Main Street Rag Publishing Company, 2007 - $7.00

I was cheered by the back-cover blurb stating that Norbert Hirschhorn is a physician specializing in public health, and by his photo (athletic septuagenarian in handsome profile). He’s had a life, I thought; he’ll have something to say. And he does. True, some of his free-verse poems plumb the expected—but if a well-lived life doesn’t entitle you to an elegiac look back at your conception, your ancestry, your place in the universe, I don’t know what does.


Besides, Hirschhorn has enough writerly discipline to make his more cosmic musings specific and interesting. In the pamphlet’s title poem, a jog through New Haven becomes a meditation on abandonment by God. My usual reaction to this subject (please don’t go there) is held in abeyance by the mathematical precision with which Hirschhorn places himself on the spinning Earth in its spinning galaxy: “Earth twirls me on its hip, west to east,/ gyrating through seasons … But [God]’s running away from us,/ nearly the speed of light…”. The scientist saves the poet from bathos every time, though sometimes he runs right up to its edge—as in ‘Tov Nun Tzaddik Bes Hey’, where he visits a Jewish cemetery in Germany and remembers his “enchanting Aunt Hania” who survived the War. He tells her story with dry eyes, the only way to make a poem like this work. (But I wish he’d translated the title. And why on earth is the pamphlet’s cover a photo of graves with crosses on them?)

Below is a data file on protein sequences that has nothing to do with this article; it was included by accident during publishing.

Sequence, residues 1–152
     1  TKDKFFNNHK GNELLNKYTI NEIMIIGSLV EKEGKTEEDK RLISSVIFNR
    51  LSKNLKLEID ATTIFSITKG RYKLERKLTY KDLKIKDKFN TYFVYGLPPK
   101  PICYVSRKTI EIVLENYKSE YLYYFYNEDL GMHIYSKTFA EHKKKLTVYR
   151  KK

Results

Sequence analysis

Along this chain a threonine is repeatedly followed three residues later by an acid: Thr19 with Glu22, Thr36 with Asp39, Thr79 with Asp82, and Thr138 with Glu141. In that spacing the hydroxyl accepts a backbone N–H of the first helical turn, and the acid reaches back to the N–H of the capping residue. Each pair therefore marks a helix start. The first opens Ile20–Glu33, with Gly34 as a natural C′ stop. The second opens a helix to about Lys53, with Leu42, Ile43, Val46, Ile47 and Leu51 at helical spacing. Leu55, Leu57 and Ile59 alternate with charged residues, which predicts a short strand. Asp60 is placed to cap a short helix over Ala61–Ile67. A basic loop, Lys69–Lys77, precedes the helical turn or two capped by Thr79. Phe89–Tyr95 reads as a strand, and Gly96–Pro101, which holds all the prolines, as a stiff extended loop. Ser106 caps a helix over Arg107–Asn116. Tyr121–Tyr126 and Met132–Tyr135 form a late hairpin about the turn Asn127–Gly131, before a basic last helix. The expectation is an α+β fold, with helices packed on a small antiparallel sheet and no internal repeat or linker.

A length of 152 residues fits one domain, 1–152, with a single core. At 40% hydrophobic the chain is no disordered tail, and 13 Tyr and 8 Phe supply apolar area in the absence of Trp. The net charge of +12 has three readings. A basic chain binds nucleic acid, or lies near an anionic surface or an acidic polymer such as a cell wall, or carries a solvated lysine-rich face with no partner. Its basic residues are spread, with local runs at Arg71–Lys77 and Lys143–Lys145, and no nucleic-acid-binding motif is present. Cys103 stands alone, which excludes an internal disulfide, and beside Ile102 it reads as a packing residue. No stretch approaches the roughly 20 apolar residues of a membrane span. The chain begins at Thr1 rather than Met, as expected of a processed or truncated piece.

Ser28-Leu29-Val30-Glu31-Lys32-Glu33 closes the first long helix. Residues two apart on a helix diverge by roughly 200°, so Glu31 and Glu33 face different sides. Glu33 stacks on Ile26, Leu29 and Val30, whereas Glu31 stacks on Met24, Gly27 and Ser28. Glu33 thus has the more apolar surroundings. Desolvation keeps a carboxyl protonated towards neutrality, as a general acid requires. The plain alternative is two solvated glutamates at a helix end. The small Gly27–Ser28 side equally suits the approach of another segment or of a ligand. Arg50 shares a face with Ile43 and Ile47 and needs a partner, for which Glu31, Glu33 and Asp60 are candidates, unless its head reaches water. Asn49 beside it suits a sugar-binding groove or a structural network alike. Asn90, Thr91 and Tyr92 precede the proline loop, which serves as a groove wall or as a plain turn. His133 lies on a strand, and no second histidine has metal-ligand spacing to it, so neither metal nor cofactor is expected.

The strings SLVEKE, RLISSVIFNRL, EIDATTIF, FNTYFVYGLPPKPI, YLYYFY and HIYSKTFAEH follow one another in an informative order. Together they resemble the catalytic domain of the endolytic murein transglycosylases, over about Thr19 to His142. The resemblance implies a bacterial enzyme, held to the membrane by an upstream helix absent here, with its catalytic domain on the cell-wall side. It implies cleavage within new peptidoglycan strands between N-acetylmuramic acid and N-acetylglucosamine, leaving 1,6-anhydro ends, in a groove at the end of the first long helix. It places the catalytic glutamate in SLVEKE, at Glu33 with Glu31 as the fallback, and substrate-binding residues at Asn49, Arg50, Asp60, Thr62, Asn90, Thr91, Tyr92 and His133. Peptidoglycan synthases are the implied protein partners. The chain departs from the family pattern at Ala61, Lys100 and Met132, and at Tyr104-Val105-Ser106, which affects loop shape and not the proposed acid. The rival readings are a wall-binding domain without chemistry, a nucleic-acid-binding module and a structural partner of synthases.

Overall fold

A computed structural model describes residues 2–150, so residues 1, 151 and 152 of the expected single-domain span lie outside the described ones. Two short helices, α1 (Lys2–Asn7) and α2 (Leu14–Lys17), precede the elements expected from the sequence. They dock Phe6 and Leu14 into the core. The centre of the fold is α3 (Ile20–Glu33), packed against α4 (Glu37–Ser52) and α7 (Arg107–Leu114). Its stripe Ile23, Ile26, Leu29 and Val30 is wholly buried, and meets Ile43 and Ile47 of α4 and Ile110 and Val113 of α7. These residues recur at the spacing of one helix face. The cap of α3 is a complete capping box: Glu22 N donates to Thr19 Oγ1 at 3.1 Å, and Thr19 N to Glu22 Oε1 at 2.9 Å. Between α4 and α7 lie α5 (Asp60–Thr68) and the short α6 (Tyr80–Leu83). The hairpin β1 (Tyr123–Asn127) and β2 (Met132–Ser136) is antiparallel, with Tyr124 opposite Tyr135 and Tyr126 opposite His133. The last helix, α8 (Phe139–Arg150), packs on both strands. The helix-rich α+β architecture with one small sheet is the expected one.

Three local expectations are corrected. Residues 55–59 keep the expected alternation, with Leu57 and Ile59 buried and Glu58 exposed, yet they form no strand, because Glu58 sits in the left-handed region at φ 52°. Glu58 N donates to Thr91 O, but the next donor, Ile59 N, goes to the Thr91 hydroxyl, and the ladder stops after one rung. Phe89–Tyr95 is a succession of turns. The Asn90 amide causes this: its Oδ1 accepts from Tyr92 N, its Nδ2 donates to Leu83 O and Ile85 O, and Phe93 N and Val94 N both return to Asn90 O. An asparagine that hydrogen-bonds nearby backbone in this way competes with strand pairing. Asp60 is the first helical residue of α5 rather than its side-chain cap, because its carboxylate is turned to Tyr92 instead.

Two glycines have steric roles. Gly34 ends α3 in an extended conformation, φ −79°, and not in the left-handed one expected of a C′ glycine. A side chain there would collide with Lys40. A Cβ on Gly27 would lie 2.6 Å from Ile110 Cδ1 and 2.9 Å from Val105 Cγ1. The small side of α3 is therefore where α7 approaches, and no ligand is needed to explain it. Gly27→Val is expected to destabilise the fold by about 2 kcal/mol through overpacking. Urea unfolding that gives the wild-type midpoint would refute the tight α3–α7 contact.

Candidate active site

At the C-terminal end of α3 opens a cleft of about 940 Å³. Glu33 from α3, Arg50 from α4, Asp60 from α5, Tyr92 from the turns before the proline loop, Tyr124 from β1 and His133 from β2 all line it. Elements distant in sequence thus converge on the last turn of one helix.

The poems that hooked me were the last twelve, ‘Finland: A Suite of Seasons’, chronicling a year in Helsinki. Hirschhorn is so in love with the otherness of the place—its light, its sibilant language—that he drops the cosmic tone and simply describes it:


In the deep blue pre-dawn

moths jitter about a streetlamp,


Venus, Jupiter shine white blessings.


As a result, these poems have the truest resonance of all.


Marcia Menter


Available from the poet direct at: 115 Greencroft Gardens, London NW6 3PE





The Common Reader says of Sailing with the Pleiades


I chose to read this chapbook because it was my introduction to an American chapbook and I liked the title. The notes at the end gave explanations about several things—none of which I understood.


Do you have to be American to understand Hirschhorn’s poems? I don’t think so: just more familiar with the references within the poems.


Without completely understanding some poems, there were verses which touched me. The second verse of ‘Excerpts From A Field Guide to North American Trees’ I read over and over because it is such an ordinary thing to walk beneath a tree but such extraordinary way to describe it:


Every mid-summer when we pass beneath

the linden, we breathe a piece of heaven—

golden clusters the honey-bees’ favorite.


I hope the next time I am beneath a tree I’ll remember to breathe a piece of heaven.